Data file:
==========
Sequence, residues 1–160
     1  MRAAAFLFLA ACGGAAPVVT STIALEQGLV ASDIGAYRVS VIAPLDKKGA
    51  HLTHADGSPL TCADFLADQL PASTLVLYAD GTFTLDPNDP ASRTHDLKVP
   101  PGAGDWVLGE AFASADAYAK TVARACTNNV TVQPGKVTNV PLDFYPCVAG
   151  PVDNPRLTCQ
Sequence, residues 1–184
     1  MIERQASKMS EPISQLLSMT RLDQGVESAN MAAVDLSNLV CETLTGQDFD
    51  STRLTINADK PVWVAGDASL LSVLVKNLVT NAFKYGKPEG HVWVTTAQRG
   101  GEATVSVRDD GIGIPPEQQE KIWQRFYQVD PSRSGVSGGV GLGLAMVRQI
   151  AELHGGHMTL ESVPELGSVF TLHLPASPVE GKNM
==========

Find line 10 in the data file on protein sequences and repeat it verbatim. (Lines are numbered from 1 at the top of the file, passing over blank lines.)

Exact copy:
   151  AELHGGHMTL ESVPELGSVF TLHLPASPVE GKNM